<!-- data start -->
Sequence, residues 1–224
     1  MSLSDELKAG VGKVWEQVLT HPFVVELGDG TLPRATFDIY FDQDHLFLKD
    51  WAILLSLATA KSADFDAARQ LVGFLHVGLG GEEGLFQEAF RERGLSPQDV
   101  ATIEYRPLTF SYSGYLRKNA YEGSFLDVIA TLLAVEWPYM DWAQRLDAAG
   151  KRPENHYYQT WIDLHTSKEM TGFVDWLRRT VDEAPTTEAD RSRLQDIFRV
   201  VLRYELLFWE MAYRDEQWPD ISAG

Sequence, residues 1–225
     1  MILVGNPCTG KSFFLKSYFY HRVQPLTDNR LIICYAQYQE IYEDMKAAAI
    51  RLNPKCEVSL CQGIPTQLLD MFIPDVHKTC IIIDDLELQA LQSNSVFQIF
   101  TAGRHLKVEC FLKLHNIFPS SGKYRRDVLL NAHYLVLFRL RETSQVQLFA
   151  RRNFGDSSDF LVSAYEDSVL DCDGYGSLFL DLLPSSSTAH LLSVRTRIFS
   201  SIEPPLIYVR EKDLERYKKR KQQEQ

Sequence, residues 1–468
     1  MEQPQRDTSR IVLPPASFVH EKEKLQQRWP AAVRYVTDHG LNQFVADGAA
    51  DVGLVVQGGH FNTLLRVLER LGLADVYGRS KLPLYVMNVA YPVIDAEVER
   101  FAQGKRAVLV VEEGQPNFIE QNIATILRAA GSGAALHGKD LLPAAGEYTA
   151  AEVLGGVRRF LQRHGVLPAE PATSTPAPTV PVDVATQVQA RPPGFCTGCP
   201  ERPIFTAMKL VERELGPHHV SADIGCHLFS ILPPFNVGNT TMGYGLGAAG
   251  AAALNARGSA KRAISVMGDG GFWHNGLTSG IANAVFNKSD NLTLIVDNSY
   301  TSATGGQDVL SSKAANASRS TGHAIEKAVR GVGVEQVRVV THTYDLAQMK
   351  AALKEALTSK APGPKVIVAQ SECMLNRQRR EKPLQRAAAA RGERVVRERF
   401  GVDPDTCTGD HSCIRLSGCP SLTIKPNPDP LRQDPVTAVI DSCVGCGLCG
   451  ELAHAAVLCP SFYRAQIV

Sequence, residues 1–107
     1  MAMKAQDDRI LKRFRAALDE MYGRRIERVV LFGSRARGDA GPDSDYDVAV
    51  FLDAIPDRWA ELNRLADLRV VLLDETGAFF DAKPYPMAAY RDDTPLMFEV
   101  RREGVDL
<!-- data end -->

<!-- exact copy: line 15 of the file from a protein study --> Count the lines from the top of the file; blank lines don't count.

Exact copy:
    51  DVGLVVQGGH FNTLLRVLER LGLADVYGRS KLPLYVMNVA YPVIDAEVER